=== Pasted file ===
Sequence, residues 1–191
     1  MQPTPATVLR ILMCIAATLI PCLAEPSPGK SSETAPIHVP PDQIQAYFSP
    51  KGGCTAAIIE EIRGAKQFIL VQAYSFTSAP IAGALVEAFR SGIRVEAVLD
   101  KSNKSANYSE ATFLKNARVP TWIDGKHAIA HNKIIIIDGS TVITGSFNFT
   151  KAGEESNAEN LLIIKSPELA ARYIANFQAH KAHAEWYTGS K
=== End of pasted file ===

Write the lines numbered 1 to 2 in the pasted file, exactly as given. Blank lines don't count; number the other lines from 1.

Sequence, residues 1–191
     1  MQPTPATVLR ILMCIAATLI PCLAEPSPGK SSETAPIHVP PDQIQAYFSP